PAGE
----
After Arrow’s fantastic second season, expectations were understandably high for its return in the Fall with its third season, which promised to address the fallout of Slade Wilson’s failed war on Starling City as well as show how Oliver and his team had been changed by it. And these first two episodes, entitled The Calm and Sara respectively, did not disappoint in the least, and reminded us all why we fell in love with the show in the first place while also throwing some major curve balls at us that will change the course of the entire season.
The first episode started out in a truly triumphant way, with Oliver and Roy now acting together as the city’s costumed heroes, and yeah, it was amazing. Finally seeing Roy in costume was a treat in and of itself, and actor Colton Haynes nailed every stunt and line of dialogue he was given. It was great to see his character receive some much needed attention in these first few scenes, and while I still feel like he needs a more concrete position on the team in order to keep him in action, this first episode definitely showed an improvement over last season.
At first, the plot seemed to be pretty basic, as it initially followed Oliver and the team as they tried to track down a crazed criminal who has adopted the title of a past villain known as Vertigo. While the previous incarnation of Vertigo was a mostly silly opponent who only got one or two stand-out moments, this new version of him, played by the always menacing Peter Stormare, was a far better antagonist for our heroes and nearly stole every scene he was in. Even though the episode saw his inevitable defeat and capture, I do hope to see more of him later in the season, especially since he seemed to be channeling some classic Scarecrow vibes with the way he played off of Oliver’s own personal fears.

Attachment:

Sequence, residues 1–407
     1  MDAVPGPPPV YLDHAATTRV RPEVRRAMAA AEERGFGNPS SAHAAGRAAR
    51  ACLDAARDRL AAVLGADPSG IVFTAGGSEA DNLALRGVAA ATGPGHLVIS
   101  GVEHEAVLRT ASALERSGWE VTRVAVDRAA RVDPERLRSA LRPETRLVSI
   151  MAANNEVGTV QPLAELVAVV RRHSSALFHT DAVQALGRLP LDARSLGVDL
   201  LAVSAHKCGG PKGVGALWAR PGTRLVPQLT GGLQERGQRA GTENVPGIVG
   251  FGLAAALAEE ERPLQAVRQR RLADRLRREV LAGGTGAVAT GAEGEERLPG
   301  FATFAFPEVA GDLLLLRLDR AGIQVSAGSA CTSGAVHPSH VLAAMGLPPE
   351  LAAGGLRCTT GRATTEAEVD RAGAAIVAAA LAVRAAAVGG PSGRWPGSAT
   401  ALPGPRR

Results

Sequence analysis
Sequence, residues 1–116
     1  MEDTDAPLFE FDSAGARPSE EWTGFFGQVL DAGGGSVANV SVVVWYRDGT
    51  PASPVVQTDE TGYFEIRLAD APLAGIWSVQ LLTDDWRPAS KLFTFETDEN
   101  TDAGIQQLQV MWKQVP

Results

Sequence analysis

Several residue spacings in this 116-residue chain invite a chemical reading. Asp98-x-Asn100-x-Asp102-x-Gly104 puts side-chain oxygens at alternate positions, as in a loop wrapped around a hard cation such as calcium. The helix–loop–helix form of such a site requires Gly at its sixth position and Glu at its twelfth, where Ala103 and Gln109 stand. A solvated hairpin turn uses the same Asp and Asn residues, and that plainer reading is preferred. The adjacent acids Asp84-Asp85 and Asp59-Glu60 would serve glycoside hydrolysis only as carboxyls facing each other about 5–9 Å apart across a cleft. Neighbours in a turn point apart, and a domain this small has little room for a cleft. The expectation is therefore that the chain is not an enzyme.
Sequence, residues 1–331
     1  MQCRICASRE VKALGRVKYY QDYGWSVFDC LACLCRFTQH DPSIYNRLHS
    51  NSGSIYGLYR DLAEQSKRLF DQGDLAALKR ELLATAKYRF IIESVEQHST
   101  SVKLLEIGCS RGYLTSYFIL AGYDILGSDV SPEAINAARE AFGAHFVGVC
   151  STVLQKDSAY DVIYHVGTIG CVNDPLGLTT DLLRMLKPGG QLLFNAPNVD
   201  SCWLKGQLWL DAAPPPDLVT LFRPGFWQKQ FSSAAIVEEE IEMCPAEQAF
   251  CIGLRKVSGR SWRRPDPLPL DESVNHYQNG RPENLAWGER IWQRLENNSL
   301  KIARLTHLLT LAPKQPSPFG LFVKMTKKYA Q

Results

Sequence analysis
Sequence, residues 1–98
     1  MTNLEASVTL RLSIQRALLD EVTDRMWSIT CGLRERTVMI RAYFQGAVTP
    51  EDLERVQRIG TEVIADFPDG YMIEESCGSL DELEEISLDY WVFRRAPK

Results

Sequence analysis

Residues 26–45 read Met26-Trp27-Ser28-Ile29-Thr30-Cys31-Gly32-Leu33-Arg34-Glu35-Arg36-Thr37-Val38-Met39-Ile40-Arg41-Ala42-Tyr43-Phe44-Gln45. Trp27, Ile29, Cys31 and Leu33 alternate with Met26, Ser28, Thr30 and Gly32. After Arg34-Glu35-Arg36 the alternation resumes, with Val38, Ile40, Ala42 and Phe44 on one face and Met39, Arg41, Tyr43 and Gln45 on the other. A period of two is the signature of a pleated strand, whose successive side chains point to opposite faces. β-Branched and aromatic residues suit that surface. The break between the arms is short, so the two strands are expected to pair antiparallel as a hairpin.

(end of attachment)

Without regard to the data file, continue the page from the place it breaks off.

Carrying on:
Which, in a really surprising way, turned into what was arguably the episode’s stand out moment, as Vertigo injected the Arrow with a concentrated dose of this powerful drug, forcing Oliver to fight a version himself. This was both an incredibly well choreographed action sequence and powerful character moment, as we literally got to see Oliver’s two personas, the millionaire business man and the hooded vigilante, battle each other for dominance over his mind. It was a crazy scene to be sure, but I loved seeing just how much it affected Oliver, as it showed just how torn he really is over the man he wants to be.
Outside of that though, the episode spent a lot of time simply reintroducing us to the cast and showing us how they’ve changed since last season. Diggle is now a father-to-be, as his child with ex-wife/girlfriend Lyla was due any day, Roy is adjusting to his new role as a hero, and Felicity and Oliver are slowly but surely starting to address their growing affection for each other. While I’ve always been very skeptical over a possible romantic relationship between Oliver and Felicity, it was handled incredibly well here, and I actually found myself hoping they would finally get together, which is a testament to just how well-written, and acted, their individual characters are.
However, as you can imagine, their romance, which began as an awkward, yet undeniably adorable, first date, was short-lived, as Oliver withdrew immediately after realizing that any relationship between them would only put Felicity in more danger than she’s already in. This was an expected, but no less frustrating, twist that I was hoping to see avoided here, simply because it’s overdone in literally every superhero story on the market. While the two of them will no doubt end up together at some point, I wasn’t entirely satisfied with how things were left in these first two episodes.